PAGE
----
It is a moment I will never forget.
Humbly sitting in my plastic fold-up chair with ESPN’s George Smith going live just to my left with reporters from the Washington Post, The New York Times and virtually every fathomable media outlet sitting amongst the crowd.
Upwards of 20 camera crews–hand counted by myself–pointed towards one seat. But the barrage of media isn’t what makes this moment memorable–it was far from it, in fact. Everything I had known, everything I had grown up with, was coming to an end in front of my own two eyes.
Pat Summitt was stepping down.
The table was set and restlessness grew. All I could think was, "wow".
Speechlessness struck and for good reason. Throw the numbers out the window. There is truly no way to measure Summitt’s impact on sports – the eight national titles don’t do the coach enough justice.
Why? Because there is a very legitimate argument that Summitt was the most impactful coach in sports history. That’s right, history. Read that sentence over if you must.
It is a dark question. Where would women’s athletics be without Pat Summitt? Sure, many a coach, player, and lobbyist have fought for women’s equal opportunity in sports but there is no doubt that Summitt was at the forefront of its demands.
However, I have to be quite honest with you. From where I sat, just inches away from the legend, I did not think of her impact on gender equality in sports, I did not think about her 1,098 victories or her 13 national championship appearances. Instead, I selfishly thought, "what’s left?"
Growing up living and breathing orange, if there was one thing I could count on, it was coaching consistency at UT. Oh, how far we have fallen.
In my eyes, Pat Summitt stepping down ends an era at Tennessee we may never see again. If I had a nickel for every time I have heard someone joke, “Well, at least we have ladies basketball,” I wouldn’t have to be in college at all.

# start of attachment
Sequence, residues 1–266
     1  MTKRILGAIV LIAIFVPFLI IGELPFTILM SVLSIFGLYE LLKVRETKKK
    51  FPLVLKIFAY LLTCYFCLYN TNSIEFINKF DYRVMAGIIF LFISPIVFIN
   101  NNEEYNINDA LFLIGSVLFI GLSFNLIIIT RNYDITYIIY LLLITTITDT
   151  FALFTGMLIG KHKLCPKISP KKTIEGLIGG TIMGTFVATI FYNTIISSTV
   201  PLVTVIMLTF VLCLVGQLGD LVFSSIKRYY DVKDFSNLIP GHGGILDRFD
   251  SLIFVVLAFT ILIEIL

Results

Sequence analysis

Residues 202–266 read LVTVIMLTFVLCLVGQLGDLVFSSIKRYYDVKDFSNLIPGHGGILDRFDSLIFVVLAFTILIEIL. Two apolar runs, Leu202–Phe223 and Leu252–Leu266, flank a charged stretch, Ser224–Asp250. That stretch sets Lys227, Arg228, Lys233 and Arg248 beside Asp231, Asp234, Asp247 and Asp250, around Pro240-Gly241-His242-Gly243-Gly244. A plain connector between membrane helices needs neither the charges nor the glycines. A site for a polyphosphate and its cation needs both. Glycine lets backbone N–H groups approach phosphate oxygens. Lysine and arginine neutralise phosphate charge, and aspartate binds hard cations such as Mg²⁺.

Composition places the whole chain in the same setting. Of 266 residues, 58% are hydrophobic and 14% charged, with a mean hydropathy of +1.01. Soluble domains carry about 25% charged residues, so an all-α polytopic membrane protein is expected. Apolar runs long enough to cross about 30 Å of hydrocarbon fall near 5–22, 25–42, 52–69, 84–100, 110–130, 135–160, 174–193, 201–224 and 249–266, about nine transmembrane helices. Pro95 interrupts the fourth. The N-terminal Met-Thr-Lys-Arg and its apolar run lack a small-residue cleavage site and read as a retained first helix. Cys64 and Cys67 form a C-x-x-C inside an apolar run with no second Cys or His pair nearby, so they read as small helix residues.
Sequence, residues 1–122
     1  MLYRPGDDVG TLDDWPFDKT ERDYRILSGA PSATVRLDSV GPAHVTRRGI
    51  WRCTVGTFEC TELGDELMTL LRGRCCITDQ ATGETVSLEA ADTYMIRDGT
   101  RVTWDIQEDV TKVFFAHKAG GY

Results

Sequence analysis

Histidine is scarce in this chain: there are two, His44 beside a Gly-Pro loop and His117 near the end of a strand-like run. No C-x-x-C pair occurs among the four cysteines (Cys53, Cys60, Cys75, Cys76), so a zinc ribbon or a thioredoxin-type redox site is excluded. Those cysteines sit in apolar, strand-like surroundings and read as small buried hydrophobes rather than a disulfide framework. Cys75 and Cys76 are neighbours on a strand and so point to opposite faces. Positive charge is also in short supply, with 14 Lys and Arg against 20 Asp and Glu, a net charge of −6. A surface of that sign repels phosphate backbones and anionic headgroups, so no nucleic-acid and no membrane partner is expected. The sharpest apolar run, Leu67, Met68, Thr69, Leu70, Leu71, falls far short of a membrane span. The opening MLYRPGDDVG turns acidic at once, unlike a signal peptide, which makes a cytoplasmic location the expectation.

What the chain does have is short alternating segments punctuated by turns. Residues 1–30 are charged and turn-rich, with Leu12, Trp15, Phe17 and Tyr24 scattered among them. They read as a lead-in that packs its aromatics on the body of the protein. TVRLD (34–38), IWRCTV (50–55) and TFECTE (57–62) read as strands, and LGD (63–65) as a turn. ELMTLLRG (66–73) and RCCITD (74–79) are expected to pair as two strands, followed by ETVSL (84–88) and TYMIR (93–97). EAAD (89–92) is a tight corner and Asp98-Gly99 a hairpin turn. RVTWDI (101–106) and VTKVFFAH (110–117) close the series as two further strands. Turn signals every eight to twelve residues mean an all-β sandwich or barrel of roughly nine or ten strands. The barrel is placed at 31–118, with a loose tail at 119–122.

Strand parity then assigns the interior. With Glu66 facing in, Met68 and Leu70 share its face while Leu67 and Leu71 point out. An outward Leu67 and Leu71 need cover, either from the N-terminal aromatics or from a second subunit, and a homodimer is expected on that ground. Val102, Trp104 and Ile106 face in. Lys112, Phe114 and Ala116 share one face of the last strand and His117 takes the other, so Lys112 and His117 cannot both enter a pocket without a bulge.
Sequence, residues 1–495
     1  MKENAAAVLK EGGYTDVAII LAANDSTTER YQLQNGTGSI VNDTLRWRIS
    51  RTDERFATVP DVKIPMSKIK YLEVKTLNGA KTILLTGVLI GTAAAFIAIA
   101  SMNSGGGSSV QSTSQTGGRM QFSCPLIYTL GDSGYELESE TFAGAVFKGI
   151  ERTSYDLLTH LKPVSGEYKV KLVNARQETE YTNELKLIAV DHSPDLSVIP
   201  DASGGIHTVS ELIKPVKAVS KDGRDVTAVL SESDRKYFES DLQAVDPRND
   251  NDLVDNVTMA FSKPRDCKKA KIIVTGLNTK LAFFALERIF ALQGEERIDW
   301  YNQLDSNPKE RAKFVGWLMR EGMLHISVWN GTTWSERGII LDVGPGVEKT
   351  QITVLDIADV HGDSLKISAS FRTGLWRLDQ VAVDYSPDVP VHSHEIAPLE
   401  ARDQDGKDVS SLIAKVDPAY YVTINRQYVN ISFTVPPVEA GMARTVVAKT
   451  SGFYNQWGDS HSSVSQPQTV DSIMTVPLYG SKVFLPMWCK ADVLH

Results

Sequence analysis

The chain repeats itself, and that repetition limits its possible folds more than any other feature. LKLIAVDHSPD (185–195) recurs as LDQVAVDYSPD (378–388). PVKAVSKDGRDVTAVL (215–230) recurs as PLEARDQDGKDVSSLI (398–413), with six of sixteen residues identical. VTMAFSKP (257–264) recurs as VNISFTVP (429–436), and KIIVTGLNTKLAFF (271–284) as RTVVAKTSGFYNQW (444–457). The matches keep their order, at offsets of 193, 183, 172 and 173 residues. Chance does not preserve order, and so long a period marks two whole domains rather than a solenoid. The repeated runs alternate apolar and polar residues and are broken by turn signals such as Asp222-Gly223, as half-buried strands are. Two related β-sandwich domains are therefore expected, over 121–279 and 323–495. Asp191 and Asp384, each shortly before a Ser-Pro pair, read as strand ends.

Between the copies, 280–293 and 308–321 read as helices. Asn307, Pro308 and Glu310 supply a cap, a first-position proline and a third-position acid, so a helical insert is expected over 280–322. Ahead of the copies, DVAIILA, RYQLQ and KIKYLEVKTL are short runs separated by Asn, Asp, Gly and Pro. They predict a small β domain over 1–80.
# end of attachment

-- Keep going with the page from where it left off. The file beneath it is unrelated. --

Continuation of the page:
Sitting at her press conference, recorder clutched in hand, I thought to myself “Well, at least we have....” What do we have?
Unless you have been living under a sports rock, you know that Vols football is anything but stable. The cornerstone stability duo of Phillip Fulmer and Pat Summitt are gone. The departure of Fulmer led to more instability. A name mentioned in hush on UT’s campus, Lane Kiffin, left the program in disaster. Early on, Derek Dooley has proved not even the son of a SEC coaching folklore can put it back together.
But, there was hope! Bruce Pearl has put UT basketball on the map like never before. Year after year the Vols mazed their way through the NCAA tournament. In a flash of both an eye and barbeque–gone.
I understand that Holly Warlick has been Summitt’s assistant for nearly as long as she’s been in orange, but I feel UT coaching has finally unraveled.
Being a student, or die-hard fan, heck, maybe even both during this era of Tennessee sports, there is no heavier burden.
I look back at my fan-hood days from the 1990s and never did I utter the phrase “next season”. After Fulmer’s departure the utterance began. But now, I hesitate to ponder ‘next season’ with so many new questions and uncertainties facing the program.
In my account, with Summitt stepping down, there is a new era of question marks beginning at UT.